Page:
Evaluating the relationship between leaf nitrogen concentration and Minolta SPAD-502 meter readings [abstract]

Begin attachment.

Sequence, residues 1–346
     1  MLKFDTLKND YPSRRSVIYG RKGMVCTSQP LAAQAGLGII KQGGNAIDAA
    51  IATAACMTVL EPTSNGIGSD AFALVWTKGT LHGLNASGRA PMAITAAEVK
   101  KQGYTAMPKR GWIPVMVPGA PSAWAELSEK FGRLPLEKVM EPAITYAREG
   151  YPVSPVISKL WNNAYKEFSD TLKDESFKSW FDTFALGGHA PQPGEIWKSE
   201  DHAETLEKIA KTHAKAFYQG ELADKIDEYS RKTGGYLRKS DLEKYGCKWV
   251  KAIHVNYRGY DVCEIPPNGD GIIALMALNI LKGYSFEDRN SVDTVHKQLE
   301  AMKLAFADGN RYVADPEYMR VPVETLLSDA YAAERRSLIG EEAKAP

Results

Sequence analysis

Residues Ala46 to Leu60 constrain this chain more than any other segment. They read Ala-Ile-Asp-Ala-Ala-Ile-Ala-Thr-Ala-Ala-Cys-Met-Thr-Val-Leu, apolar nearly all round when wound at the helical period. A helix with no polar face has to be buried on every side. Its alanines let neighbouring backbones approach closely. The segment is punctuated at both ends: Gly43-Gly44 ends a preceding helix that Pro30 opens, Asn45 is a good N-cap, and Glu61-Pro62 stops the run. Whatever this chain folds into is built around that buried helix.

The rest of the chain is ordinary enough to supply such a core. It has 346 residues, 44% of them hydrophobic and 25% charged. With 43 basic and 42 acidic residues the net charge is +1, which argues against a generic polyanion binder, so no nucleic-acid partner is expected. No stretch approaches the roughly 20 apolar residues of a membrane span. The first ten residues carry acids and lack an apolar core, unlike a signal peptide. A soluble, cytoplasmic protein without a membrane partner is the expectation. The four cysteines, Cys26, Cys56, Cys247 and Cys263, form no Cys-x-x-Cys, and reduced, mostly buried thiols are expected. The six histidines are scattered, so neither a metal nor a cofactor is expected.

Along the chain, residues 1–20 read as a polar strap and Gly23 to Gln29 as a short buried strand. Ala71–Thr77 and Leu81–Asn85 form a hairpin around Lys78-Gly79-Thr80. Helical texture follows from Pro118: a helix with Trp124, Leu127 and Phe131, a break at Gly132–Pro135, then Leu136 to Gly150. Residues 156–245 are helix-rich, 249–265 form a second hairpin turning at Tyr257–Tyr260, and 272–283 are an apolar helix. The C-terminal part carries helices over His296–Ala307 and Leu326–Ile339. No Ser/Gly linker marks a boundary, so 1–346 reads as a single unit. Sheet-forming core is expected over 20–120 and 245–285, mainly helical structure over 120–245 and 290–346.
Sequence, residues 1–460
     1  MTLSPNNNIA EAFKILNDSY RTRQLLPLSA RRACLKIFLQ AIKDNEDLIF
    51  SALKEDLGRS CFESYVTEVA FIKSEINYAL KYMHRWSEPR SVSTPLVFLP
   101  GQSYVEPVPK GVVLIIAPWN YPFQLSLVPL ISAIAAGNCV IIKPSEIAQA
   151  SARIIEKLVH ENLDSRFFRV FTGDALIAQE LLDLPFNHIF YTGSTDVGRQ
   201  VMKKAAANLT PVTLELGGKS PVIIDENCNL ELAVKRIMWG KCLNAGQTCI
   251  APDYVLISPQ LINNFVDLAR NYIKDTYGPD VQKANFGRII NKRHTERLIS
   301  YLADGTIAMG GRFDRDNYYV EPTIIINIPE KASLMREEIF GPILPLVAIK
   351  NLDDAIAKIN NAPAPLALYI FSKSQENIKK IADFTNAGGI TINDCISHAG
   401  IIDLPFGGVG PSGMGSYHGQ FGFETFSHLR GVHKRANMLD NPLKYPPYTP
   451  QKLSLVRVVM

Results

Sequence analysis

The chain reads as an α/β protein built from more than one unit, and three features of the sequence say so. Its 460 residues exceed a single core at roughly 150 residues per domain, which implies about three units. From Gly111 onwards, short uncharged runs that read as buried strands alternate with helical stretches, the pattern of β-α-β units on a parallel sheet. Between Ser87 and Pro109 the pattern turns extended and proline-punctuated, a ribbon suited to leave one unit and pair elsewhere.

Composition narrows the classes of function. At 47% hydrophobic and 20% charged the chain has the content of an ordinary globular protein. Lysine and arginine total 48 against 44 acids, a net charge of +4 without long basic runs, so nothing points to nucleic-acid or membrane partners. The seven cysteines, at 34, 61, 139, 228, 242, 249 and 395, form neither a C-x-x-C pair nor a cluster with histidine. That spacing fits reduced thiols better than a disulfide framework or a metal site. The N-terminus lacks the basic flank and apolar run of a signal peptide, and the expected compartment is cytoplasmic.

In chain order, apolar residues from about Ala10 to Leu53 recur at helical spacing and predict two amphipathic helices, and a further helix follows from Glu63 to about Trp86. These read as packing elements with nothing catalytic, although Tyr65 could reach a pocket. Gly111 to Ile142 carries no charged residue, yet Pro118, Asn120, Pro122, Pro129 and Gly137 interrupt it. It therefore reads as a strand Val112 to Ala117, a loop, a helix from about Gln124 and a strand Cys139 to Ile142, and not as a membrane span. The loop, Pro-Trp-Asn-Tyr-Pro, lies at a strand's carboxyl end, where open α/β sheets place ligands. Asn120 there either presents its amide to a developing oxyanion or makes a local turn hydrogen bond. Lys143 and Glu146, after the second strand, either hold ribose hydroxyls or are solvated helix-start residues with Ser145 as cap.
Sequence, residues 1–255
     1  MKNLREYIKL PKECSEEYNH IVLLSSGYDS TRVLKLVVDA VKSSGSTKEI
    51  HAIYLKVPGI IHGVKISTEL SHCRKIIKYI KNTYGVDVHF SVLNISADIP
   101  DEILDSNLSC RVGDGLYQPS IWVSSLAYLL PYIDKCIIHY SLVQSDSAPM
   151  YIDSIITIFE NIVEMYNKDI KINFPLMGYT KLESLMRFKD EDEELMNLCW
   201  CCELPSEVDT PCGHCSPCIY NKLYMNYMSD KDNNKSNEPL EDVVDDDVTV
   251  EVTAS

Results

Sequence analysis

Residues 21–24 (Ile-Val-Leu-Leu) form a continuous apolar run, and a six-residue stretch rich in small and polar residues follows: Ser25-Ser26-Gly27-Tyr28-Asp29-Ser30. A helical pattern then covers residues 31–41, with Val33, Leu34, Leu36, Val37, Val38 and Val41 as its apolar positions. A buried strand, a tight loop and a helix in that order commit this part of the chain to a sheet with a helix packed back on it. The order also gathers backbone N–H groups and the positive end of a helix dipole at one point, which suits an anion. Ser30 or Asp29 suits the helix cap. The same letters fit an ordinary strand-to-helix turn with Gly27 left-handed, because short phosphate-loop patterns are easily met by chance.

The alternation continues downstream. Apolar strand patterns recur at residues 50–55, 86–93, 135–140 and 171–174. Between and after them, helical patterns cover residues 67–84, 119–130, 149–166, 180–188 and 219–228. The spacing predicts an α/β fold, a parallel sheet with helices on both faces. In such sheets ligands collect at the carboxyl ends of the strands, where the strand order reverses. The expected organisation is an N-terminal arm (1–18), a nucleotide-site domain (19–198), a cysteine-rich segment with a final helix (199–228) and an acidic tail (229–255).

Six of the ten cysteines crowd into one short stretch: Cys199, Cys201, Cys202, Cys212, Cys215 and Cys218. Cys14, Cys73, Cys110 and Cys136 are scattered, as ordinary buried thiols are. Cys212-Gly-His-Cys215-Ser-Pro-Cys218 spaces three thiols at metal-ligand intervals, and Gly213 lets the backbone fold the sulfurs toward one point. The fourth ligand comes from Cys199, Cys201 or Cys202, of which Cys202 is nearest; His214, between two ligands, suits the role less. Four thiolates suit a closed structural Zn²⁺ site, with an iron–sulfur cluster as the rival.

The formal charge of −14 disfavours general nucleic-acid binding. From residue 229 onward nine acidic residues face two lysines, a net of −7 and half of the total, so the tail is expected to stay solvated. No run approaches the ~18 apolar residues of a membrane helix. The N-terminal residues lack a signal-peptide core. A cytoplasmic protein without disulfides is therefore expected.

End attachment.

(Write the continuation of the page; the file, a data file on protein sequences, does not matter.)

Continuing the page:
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Oak trees are deciduous trees that can live for up to 200 years and face a variety of environmental stresses. Like all plants, oak trees need nutrients, which vary under different stress conditions. We study nitrogen as an essential element in the growth of plants. Most nitrogen is found in the chlorophyll molecules of a leaf, and we are interested in understanding how nitrogen concentration varies oak species with different responses to flooding. The objectives of this study are to: (1) Determine the relationship between leaf chlorophyll and leaf nitrogen concentration for five different species of oak tree (bur oak, pin oak, swamp white oak, northern red oak and shumard oak) and (2) asses how flood tolerance affects the above relationship. The relationship between total leaf nitrogen concentration and chlorophyll of bur oak (Quercus macrocarpa), pin oak (Q. palustris), northern red oak (Q. rubra), shumard oak (Q. shumardii), and swamp white oak (Q. bicolor) were determined. Each tree species was represented by seedlings raised from acorns collected from both upland and lowland sites with the exception of northern red oak, which was represented by seedlings from a single location. A SPAD-502 Meter (Minolta Corporation ltd., Osaka, Japan) was used to measure chlorophyll in a total of 135 individual seedlings for 5 consecutive weeks. A single leaf was repeatedly sampled on each seedling in each flooded and non-flooded (control) treatment over 5 replications in a greenhouse. The harvested leaves were then oven dried for 72 hours and nitrogen analysis was conducted in the lab by combusting the sample in an induction furnace and measuring the nitrogen via thermal conductivity. Preliminary results indicate a close correlation between chlorophyll and nitrogen content and differing effects of inundation on their relationship.